Review of TuxMath, order of operations in a bubble, problem solving with a bar model -- videos, CAMS & STAMS series of workbooks, and much more

Maria's Math News, Vol. 54, Summer 2011

I love teaching, and I love math. This newsletter is my way of reaching out and helping you to teach it, too.

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    Summer is in good swing... and once again I have some math resources for you. Save this email to read later if you can't get to them now.

    1. Review: CAMS & STAMS books from Curriculum Associates
    2. Tux Math - free math facts software
    3. Order of operations and "bubbles"
    4. Problem solving videos--bar/block model
    5. Tidbits

    1. Review: CAMS & STAMS books from Curriculum Associates

    STAMS book F I have finished my review of CAMS & STAMS books from Curriculum Associates... It is a series of assessment books, student worktexts, and teacher guides for struggling students that presents each math topic in a highly scaffolded manner.

    These books are supplemental to any basal math curriculum, and have been specifically designed to support struggling students. Each level consists of:
    Read the review!

    2. Tux Math - free math facts software

    You may have never heard of Tux Math, but among Linux users it's a fairly well-known children's arcade game for math facts practice. And it IS available for Windows and Mac too.

    My girls remembered about it just lately and have had somewhat of a frenzy of practice sessions with it. It's simple, free, yet fun. So I decided to give you, my readers, a quick review of it.

    screenshot of Tux Math

    You "shoot" meteorites that are falling down by answering math problems (type the problem's answer and press Enter/Return). If you can't answer one, the meteorite does some damage to one of the penguin's igloo. Then after enough damage, the penguin in that igloo leaves (walks away).

    screenshot of Tux Math

    But, once you answer a red "fiery" question that falls down real quick, you can get a cloud that comes and fixes the igloo. Then your penguin comes back! I think that's so cute!! You can only lose if all your penguins go away.

    The background is always an image from space.

    The options include any of the four operations, or have them mixed. You can practice specific times tables for example, which is good for my younger daughter at this time. As you go along in a game, then the questions start coming down quicker. At first they come down quite slow.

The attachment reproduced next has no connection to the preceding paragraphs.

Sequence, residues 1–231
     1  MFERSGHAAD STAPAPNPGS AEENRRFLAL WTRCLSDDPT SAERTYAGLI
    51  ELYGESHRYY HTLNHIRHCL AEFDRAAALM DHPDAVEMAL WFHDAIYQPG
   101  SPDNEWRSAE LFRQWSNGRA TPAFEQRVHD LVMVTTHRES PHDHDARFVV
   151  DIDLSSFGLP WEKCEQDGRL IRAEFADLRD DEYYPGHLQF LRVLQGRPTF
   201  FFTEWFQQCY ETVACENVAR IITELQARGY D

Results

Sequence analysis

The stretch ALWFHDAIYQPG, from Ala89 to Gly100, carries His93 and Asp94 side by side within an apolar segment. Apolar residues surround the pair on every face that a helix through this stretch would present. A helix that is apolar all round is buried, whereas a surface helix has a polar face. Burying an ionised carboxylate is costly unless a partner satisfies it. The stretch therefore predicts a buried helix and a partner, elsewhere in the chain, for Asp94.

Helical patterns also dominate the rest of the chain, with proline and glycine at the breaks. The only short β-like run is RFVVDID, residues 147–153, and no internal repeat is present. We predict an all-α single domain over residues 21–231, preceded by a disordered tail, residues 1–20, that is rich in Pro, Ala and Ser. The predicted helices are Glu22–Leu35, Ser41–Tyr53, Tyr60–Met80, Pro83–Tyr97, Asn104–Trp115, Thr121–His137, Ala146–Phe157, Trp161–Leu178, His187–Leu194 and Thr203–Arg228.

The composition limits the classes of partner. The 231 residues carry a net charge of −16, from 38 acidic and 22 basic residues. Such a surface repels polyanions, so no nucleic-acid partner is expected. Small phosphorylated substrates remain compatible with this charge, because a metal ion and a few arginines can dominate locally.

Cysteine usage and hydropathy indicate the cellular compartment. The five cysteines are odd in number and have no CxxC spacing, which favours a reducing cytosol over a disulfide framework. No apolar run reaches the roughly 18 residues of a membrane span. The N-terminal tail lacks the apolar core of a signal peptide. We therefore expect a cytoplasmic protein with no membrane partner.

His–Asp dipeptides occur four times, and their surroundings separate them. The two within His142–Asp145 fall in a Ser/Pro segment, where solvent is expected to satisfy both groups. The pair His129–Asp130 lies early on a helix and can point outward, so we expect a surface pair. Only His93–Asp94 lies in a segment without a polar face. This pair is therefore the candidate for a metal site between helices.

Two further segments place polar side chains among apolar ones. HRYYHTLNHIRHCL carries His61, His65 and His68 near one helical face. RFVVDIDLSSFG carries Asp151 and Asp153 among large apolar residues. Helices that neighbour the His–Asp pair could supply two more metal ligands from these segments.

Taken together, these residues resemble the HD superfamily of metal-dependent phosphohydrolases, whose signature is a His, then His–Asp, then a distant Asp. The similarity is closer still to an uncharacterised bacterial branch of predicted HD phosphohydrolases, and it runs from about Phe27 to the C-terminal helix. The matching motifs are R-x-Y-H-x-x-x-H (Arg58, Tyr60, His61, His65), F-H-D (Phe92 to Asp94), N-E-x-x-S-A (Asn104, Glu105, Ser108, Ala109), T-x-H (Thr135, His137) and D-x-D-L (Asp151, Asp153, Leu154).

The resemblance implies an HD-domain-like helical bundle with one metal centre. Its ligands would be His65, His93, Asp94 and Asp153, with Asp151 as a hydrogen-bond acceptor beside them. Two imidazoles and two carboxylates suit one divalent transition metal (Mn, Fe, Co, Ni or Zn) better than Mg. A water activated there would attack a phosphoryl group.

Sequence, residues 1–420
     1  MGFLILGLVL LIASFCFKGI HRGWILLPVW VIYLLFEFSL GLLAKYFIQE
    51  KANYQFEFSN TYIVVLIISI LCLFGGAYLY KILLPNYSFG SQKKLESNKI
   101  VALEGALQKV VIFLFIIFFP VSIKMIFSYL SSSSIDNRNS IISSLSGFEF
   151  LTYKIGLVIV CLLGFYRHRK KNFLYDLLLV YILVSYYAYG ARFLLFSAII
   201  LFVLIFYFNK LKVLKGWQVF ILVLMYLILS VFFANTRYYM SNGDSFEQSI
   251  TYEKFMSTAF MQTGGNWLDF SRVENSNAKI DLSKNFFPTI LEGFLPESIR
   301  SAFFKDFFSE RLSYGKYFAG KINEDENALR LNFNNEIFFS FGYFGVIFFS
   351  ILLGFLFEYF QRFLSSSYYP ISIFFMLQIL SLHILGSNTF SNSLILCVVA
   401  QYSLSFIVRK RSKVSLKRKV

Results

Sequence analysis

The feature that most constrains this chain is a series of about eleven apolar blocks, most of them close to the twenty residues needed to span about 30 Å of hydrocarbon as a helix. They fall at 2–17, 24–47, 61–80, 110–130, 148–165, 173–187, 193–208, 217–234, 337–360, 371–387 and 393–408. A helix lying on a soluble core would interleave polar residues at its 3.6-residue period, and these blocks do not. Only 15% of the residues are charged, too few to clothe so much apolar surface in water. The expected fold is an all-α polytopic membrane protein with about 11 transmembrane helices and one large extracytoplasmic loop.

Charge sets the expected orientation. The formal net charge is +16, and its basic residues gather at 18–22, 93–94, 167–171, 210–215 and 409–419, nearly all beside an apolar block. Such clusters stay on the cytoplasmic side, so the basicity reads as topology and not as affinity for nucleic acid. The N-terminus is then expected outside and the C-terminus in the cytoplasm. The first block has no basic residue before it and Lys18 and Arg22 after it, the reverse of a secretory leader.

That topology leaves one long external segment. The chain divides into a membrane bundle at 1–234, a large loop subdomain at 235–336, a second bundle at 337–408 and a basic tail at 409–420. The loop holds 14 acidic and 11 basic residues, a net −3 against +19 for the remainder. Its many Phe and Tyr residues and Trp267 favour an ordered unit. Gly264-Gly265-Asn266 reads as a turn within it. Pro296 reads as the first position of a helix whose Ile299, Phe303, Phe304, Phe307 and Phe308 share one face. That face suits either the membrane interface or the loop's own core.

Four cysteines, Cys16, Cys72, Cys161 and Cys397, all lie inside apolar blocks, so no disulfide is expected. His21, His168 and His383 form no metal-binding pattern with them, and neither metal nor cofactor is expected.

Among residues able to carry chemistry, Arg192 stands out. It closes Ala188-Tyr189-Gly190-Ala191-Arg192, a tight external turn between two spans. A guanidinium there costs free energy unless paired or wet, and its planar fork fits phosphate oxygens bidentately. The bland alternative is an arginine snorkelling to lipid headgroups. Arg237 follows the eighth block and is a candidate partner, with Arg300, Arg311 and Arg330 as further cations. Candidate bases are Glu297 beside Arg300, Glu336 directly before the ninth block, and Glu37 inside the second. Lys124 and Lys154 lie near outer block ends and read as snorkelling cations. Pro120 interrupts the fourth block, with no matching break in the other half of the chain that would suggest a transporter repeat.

There's a training section, and there's a section where it gives you random questions. In that one, you play as long as you want, and when you stop, it'll tell you if you are in the top ten highest scores for you. If so, then you go in the "hall of fame."

    Once you finish any particular type of problems (for ex. addition 0-5 or multiplication by 4), the star for that turns glowing yellow, and that's what my kids are after--they want to turn all those stars yellow. That's only in the training part, though. In the training part you have to answer a certain amount of questions.

    You can make as many new "accounts" as you want and fill the "hall of fame" with you and your various nicknames.

    It's just simple free game for math practice; there are no special features such as reports or training the facts you answer wrong.

    Tux Math, or Tux of Math Command is software that is available as a free download for Windows, Mac, and Linux. Download it here.

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    3. Order of operations and "bubbles"

    Or you could call it a "cloud" or "balloon", instead of a "bubble". Anyhow, the idea is simple: in a given math problem with many operations, have the child encircle in a bubble/cloud/balloon the operation to be done first. He/she can use colored pencils or crayons for more fun.

    I just had this idea when my 2nd daughter was studying order of operations in addition and subtraction... that is, problems with many additions and subtractions, including parenthesis, things like

    100 + 20 − (50 + 10)

    20 − 8 − 6 vs. 20 − (8 − 6)

    (Those problems are found in Math Mammoth grade 3 curriculum.)

    So what we did was write some of the problems from the book on the whiteboard and she "bubbled" or drew bubbles around the operation to be done first. Well, her bubbles look like ovals, but she was thinking of them as bubbles--and that made it fun for her!

    use bubbles for the operation to be done first

    Then we did another fun thing, which is that she made me a difficult math problem with lots of additions and subtractions. It's seen in the bottom on the board. Then I solved it... and the answer turned out negative! Making problems for mom is always fun for little ones.

    The same idea will of course work if you are dealing with multiplication and division as well.

    4. Problem solving videos--bar/block model

    These videos show you examples of how to use the bar or block model in solving math word problems. The examples are all about 5th-6th grade level (I think). Enjoy! I hope they are of help!

    First I solve the following word problem using a bar model (Singapore math style), taken from Math Mammoth grade 5 curriculum: Brenda and Lily shared the cost of a $11.70 lunch so that Brenda paid two times as much as Lily. Find their shares.

    screenshot of video
    See the video

    Next problem is this: One rake is $5.60 more than the other, and together they cost $22.70. How much does the cheaper rake cost?

    screenshot of video
    See the video

    And lastly, John spent 3/10 of his money, and had $45.57 left. How much did he have initially?

    screenshot of video
    See the video

    5. Tidbits

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    Till next time,
    Maria Miller
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